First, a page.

I realized then that she didn’t have skills or experience to deal with this. She had never failed before.
I, however, failed often. My life is rife with flops and foibles. Rejection visited so often, I gave him a drawer in my dresser. Failing was a lifelong pursuit. I had literally been planning my whole life for the moment that a grad school rejected me. I was equipped to deal with it.
My friend’s first failure was colossal. How can anyone recover from that? I’m glad I had practice at recovering, at dealing with disappointment, at trying again, at staring anew. I am glad my daughters are learning these skills too.

Brad Bellmore Gets a Life – 17

We watch Biggest Looser in my house and I entertain fantasies of getting fit while watching. Some days I’m even motivated to exercise. Gradually, I’m creating a lifestyle that is more health focused. More active anyway.
One of the things that drives me nuts with the show is when people whine and quit in the middle of a workout. Let me say now, and first of all, that I am fully aware of my hypocrisy as I bail on workouts all the time. Actually, I might cut 5 minutes, or reduce the intensity level on the elliptical part of the way through. That said, I once was a fitness stud and I understand the importance of pushing through to the end. I get that I need to persevere rather than quit.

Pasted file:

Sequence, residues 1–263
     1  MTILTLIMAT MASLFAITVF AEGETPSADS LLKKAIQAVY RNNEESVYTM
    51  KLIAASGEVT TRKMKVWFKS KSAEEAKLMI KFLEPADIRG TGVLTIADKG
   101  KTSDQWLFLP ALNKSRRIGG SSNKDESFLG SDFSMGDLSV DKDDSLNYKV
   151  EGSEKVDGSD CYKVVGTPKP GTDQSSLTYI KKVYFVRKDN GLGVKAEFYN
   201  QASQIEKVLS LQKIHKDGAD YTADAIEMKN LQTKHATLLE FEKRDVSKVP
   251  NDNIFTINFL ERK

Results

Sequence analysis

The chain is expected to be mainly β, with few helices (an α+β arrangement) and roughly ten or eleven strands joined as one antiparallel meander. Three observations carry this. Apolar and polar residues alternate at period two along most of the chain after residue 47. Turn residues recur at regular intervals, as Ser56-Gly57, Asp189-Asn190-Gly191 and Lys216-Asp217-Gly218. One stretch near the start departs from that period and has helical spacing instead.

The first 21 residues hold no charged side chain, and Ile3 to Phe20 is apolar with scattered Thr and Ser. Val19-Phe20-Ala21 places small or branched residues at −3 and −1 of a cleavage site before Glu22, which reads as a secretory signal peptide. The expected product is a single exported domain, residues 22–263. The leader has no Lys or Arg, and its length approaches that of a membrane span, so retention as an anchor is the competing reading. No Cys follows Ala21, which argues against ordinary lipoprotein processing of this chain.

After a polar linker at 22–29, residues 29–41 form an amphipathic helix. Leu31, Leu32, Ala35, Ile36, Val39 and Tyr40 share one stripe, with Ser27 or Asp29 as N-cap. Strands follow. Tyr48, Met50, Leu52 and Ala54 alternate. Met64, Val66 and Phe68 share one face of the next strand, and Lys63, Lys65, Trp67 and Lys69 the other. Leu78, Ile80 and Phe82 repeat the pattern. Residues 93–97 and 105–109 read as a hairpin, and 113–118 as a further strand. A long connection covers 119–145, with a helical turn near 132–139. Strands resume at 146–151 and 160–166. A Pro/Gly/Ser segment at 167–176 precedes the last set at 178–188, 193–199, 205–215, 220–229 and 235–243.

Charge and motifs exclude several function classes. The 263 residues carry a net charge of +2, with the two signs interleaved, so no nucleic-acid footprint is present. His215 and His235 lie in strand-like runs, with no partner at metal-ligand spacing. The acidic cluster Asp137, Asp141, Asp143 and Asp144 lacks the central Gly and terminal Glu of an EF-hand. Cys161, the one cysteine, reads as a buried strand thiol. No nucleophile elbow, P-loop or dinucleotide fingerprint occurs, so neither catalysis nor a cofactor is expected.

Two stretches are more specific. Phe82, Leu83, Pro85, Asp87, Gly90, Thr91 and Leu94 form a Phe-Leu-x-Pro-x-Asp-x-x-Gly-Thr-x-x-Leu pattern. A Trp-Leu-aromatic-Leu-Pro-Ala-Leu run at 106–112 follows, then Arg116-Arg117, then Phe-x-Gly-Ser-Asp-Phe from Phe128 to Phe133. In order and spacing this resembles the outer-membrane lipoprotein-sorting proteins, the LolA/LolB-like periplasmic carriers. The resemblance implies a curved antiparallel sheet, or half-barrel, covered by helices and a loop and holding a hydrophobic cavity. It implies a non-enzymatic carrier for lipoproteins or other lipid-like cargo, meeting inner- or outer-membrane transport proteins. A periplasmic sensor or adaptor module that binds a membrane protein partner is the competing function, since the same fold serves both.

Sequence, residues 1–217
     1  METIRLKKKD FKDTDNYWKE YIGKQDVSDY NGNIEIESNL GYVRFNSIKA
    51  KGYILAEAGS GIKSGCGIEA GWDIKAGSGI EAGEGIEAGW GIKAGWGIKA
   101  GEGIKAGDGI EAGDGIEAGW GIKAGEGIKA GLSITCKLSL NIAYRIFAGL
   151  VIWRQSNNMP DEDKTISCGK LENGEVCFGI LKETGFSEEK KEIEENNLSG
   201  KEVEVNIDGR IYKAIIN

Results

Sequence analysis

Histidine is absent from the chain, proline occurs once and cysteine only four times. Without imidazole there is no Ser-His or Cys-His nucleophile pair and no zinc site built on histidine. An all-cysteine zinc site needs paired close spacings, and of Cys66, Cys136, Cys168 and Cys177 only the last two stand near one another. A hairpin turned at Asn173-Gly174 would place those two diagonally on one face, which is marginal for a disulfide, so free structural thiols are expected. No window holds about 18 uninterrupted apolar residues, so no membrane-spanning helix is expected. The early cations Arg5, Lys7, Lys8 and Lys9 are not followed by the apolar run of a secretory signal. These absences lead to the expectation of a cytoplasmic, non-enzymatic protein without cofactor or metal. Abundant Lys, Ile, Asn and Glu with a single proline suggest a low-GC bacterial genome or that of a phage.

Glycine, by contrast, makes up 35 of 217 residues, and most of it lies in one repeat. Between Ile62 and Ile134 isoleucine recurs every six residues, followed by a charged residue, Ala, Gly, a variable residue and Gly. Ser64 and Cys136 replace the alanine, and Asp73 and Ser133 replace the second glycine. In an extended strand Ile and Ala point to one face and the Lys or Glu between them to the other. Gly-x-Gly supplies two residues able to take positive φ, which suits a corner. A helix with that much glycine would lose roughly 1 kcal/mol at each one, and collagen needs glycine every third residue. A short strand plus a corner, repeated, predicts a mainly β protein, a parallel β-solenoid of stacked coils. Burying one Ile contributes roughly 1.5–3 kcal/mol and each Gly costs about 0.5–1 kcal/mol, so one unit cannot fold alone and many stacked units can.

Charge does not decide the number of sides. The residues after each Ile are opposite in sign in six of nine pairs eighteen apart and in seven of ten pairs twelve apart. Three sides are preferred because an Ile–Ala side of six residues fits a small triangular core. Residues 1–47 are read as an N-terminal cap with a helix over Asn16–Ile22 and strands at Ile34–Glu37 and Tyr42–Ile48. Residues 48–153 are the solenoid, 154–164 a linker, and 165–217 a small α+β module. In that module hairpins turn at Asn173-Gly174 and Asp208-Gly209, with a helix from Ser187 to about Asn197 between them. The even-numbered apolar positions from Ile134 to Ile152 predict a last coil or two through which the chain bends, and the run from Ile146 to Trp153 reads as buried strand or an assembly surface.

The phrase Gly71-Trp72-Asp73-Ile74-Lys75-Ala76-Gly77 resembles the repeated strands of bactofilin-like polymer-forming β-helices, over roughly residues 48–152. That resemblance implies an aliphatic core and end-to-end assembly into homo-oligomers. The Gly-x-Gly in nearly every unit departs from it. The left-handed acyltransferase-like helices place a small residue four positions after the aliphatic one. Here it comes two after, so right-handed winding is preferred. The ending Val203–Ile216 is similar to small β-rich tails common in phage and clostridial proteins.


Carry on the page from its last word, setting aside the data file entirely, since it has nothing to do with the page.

I remembered what it was like to play ball in college and when we had three-a-days for training camp. That last practice each day was a matter of will, not strength. We did what we did because we forced our bodies to do them. The sprints at the end were the worst. I literally had no energy to run forty yards, much less do it again and again. But I did it. Somehow, I did it, just as all of my teammates did. We whined and moaned. We never cried because we were men, manly men. But we suffered and pushed through.
Sure, I wanted to quit. I wanted to with every step. But I didn’t.
At this point in my life, if I ever am to have a life as I often propose in this blog, I need to rediscover that ability. To be able to push on by will when my strength and courage are gone, that is a virtue that I have let atrophy beyond recognition. Perhaps I would have finished a novel or two. Perhaps I would have pushed through to publication. Perhaps I would have not gotten fat and lazy and stuck in a rut.